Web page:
Politics

House Likely to Vote on Stopgap Funding Through Dec. 22

Bill would buy more time for negotiations as shutdown deadline approaches

Speaker Paul D. Ryan holds his weekly on-camera news conference in the Capitol on Thursday. (Bill Clark/CQ Roll Call)

House Republicans are preparing a stopgap spending bill that could fund the government through Dec. 22, according to two House GOP sources.

The House Republican Conference is expected to discuss the stopgap spending bill, or continuing resolution, during a meeting Friday morning, according to a senior House GOP aide.

Such a bill would buy more time for negotiations as the deadline to avoid a partial government shutdown inches closer. But, Senate aides said there was not yet bicameral agreement on the date or content of the measure, though time is short before the current stopgap bill expires Dec. 8.

Even if House and Senate Republicans fully support that stopgap spending measure, it won’t be able to pass the Senate without some Democratic support, which is not a guarantee.

The two parties have been at odds this week about spending issues after House Minority Leader Nancy Pelosi and Senate Democratic Leader Charles E. Schumer opted not to attend a meeting at the White House, after President Donald Trump tweeted that he did not see a deal.

Ryan: House Will Pass Short-Term CR, Shutdown Up to Senate Democrats

“You’ve got to show up if you want to make your point and I don’t think the Democrats are in a very good position to be making demands, if they are not even going to participate in the negotiations that are necessary to move legislation forward and solve problems,” Speaker Paul D. Ryan said.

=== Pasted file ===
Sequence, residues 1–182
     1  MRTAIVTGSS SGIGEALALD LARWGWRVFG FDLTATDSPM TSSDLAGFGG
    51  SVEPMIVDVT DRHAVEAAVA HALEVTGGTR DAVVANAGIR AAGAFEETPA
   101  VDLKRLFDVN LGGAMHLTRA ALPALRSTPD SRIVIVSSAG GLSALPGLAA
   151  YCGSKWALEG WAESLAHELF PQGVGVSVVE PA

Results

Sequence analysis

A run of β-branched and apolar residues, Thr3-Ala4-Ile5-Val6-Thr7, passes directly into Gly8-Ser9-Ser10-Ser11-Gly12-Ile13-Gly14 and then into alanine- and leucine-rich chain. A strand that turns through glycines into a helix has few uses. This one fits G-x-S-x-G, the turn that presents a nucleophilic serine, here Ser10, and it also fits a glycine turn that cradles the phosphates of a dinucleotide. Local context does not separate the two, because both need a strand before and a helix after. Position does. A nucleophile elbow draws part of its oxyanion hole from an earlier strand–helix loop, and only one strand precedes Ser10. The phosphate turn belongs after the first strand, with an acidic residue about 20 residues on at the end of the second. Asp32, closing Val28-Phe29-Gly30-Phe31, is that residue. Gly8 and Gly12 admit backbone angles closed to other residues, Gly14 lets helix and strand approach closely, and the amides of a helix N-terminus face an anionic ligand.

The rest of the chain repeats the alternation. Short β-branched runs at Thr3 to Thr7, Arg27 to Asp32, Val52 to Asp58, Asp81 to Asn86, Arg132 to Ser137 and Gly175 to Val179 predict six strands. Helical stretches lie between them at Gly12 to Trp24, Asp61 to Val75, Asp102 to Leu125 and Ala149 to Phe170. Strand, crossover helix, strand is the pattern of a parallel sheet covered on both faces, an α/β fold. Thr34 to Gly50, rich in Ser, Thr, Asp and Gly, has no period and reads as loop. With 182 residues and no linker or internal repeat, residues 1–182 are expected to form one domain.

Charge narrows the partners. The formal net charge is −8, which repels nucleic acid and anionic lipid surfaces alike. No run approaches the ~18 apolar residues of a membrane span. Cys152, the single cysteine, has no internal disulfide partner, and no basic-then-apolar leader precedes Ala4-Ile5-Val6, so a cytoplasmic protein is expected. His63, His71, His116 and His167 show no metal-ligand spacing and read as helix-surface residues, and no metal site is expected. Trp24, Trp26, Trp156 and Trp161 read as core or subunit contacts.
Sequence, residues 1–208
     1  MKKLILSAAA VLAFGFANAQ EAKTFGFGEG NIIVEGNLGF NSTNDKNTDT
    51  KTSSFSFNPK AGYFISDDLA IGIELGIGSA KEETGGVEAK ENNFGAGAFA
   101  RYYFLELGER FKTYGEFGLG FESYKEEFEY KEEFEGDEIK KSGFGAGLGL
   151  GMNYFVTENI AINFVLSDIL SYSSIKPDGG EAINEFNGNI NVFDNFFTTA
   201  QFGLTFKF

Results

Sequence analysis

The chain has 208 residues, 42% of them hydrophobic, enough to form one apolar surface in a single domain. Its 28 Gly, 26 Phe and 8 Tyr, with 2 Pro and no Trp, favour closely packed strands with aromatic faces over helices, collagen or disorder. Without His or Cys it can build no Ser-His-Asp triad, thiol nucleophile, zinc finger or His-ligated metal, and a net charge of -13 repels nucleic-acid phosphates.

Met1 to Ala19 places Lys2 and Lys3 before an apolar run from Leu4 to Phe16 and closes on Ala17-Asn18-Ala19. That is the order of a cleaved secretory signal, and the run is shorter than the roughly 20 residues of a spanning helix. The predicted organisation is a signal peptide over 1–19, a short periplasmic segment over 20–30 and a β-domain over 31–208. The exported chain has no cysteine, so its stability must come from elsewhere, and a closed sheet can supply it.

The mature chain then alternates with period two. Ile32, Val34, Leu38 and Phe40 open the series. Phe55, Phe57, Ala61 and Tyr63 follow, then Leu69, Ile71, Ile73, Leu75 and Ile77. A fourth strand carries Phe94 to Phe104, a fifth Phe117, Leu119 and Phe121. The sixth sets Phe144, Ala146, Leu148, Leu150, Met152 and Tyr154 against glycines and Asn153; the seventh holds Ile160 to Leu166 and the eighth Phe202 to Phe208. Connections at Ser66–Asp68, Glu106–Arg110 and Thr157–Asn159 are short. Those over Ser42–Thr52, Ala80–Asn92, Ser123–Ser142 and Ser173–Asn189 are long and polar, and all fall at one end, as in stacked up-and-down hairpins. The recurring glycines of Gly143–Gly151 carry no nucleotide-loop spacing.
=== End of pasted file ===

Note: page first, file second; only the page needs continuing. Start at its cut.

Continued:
The Wisconsin Republican added that GOP lawmakers are discussing how long the second stopgap should last and indicated that such a bill could pass the House without Democratic support.

“We will pass a short-term CR to keep the government open. And if the Senate Democrats choose to filibuster, then they will have chosen to shut the government down,” Ryan said.

Democrats have a slightly different take on whom to blame should a spending bill not reach the president’s desk in time.

“The Republicans have the majority in the House and the Senate and the White House. The responsibility to keep government open is theirs,” Pelosi said.

House Republicans might have their own issues with a short-term stopgap. North Carolina Rep. Mark Meadows, chairman of the hard-line conservative Freedom Caucus, has called for a new CR to extend into next year, to avoid decisions having to be made in the run-up to the winter holidays.

“I’d be very surprised if any Freedom Caucus members support a two-week CR,” Meadows said Thursday, though he noted his caucus has not taken an official position. 

Republican Study Committee Chairman Mark Walker is not pleased with the prospect of a CR through Dec. 22.

“I think it sets a bad precedent, a bad tone. So, are we happy about it? No. Will that probably be the only option to play with now? Probably yes,” the North Carolina Republican said.